The Sc classification presented high-pressure systems from the south and southeast of E.E.U.U. with pressure values of 1014 to 1020 hPa, and values of 1014 to 1018 hPa from the Pacific to the north of Mexico. In the south, southwest and the sea of Cortes in Mexico, there were low-pressure predominant systems ranging from 1010 to 1013 hPa. In the area of the Mexican Caribbean and over the coasts of the Gulf of Mexico the systems ranged from 1013 to 1016 hPa. The systems mentioned above promote in the central and high areas of Chiapas, high-pressure values from 1015 to 1020 hPa.
The NWa system show mslp values ranging from 1015 to 1020 hPa and came from south and south east of the E.E.U.U. and the Pacific Ocean to the north of Mexico. In the south, southwest and in the sea of Cortes the systems are of low pressures with values from 1010 to 1013 hPa. In the southeast in the Mexican Caribbean and to the east in the Gulf of Mexico, systems tending to high-pressure were observed with values of 1013 to 1015 hPa. These systems promote high pressure mainly in the central and high plateaus of Chiapas in Mexico with values ranging from 1015 to 1020 hPa.
With respect to the SEa two systems were observed, the first incoming from the south and the second from southeast of E.E.U.U. with high-pressure values from 1015 to 1020 hPa. A system from the Pacific to the north of Mexico was observed with pressures of 1015 to 1018 hPa. From the Pacific Ocean to the south, southwest of Mexico and in the sea of Cortes a predominant system of low-pressure show mslp values between 1010 to 1013 hPa. In the Gulf of Mexico and the Mexican Caribbean Sea the pressure values of 1013 to 1016 hPa affect both littoral. In this classification, the synoptic systems promote high pressure values in central and high areas of Chiapas in Mexican territory with 1014 to 1019 hPa and over the south of Veracruz, Tabasco, and Oaxaca states, mslp values from 1013 to 1014 hPa.
The Wc classification show a high pressure system in the northwest of Mexico from the Pacific Ocean with values of 1014 to 1021 hPa that affects Baja California North and Baja California South. Coming from the south and south-east of the E.E.U.U. high-pressure systems from 1016 to 1021 hPa affecting northern Mexico were observed. Low-pressure systems with values of 1010 to 1013 hPa were observed from the south, southwestern Mexico and sea of Cortes. In the Gulf of Mexico and Mexican Caribbean Sea were observed mslp values range from 1013 to 1016 hPa. These systems promote in Mexico, high-pressure systems in the high plateau of the Central Highlands, the Western Sierra and the highlands of Chiapas with values from 1014 to 1020 hPa. In Tehuantepec´s isthmus between the Gulf of Mexico and Oaxaca, the system shows differences in pressure from 1013 and 1014 hPa.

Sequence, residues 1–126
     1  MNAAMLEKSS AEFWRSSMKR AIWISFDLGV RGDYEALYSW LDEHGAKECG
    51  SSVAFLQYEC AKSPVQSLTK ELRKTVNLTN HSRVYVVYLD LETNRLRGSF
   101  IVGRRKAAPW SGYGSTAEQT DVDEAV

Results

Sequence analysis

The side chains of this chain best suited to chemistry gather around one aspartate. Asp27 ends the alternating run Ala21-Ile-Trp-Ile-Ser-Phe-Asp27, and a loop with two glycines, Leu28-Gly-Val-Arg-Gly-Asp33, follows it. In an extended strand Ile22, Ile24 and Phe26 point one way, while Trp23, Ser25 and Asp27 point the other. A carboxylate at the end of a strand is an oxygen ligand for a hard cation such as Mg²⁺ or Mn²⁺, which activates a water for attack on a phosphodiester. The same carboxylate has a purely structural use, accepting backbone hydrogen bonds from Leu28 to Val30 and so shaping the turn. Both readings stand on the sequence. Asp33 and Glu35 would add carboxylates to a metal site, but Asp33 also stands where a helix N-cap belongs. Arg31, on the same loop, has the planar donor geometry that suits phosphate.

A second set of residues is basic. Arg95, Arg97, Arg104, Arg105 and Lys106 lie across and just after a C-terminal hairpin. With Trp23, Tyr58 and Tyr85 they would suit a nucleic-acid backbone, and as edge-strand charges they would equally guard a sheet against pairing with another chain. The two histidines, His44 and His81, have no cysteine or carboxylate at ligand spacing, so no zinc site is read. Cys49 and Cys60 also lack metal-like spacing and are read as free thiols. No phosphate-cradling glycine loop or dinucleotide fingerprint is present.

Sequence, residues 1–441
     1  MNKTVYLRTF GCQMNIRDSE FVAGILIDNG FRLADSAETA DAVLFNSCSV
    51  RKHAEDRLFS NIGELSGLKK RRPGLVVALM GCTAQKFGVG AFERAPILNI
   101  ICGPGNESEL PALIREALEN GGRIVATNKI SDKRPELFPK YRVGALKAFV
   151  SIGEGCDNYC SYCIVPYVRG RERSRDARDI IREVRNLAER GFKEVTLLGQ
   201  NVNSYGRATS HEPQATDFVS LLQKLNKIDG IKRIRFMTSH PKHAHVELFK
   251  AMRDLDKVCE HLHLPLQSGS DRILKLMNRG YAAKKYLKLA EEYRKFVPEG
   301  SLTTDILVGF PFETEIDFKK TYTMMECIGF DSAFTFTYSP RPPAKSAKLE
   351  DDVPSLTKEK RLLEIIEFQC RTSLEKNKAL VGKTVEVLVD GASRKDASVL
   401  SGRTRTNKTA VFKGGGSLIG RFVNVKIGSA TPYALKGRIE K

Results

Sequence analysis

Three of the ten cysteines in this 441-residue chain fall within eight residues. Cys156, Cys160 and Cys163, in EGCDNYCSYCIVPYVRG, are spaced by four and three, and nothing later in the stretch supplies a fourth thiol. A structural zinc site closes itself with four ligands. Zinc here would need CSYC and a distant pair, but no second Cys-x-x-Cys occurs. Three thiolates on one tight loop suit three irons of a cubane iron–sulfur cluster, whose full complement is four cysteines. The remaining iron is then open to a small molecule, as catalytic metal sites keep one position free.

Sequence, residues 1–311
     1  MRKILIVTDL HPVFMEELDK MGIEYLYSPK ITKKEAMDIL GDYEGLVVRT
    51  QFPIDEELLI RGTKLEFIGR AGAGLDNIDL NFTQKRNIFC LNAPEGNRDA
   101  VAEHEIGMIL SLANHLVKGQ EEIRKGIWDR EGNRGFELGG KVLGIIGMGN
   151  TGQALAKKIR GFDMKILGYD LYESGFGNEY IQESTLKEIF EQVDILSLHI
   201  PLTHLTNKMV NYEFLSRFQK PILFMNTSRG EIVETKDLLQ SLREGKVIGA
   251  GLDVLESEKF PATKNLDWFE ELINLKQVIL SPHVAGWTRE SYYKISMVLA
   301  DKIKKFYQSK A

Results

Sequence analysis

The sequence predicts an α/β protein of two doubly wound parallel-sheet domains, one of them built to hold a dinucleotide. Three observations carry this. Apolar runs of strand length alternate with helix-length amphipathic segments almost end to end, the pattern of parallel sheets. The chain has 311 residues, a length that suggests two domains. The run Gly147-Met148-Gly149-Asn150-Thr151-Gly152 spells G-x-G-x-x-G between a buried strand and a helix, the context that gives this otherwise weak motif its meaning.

The SWc classification affects the Mexican territory with high-pressure values of 1014 to 1020 hPa incoming from the south and southeast of E.E.U.U. In the northwestern part of Mexico over the Pacific Ocean the system show values from 1013 to 1020 hPa. In south, southwest and over the sea of Cortes the system show values from 1010 to 1012 hPa. In the Gulf of Mexico and Mexican Caribbean the system went from 1011 to 1014 hPa. These systems promote high-pressure values ranging from 1014 to 1019 hPa in the highlands of Chiapas, central highlands of Mexico and Sierra Madre Occidental. Over the highlands of Chiapas mslp values went from 1014 to 1015 hPa, and a low-pressure system went from the south of Veracruz, Tabasco and Oaxaca states with values of 1012 to 1013 hPa.
The Sa classification show high-pressure systems from south and southeast of the E.E.U.U. with values of 1014 to 1020 hPa coming from the Pacific Ocean in northwestern Mexico, these system show values of 1013 tending to high-pressure with a maximum of 1018 hPa. In south, southwest of Mexico and sea of Cortes the low-pressure predominant systems show values from 1010 to 1013 hPa. High-pressure systems were observed in areas of the Gulf of Mexico and Caribbean Sea with values from 1013 to 1017 hPa. High pressure values from 1015 to 1020 hPa were promoted and observed in central Mexico, northern highlands, western highlands and highlands of Chiapas, in addition a low pressure system of 1012 to 1013 hPa was observed in the Gulf of Mexico shores in southern states of Veracruz and Tabasco.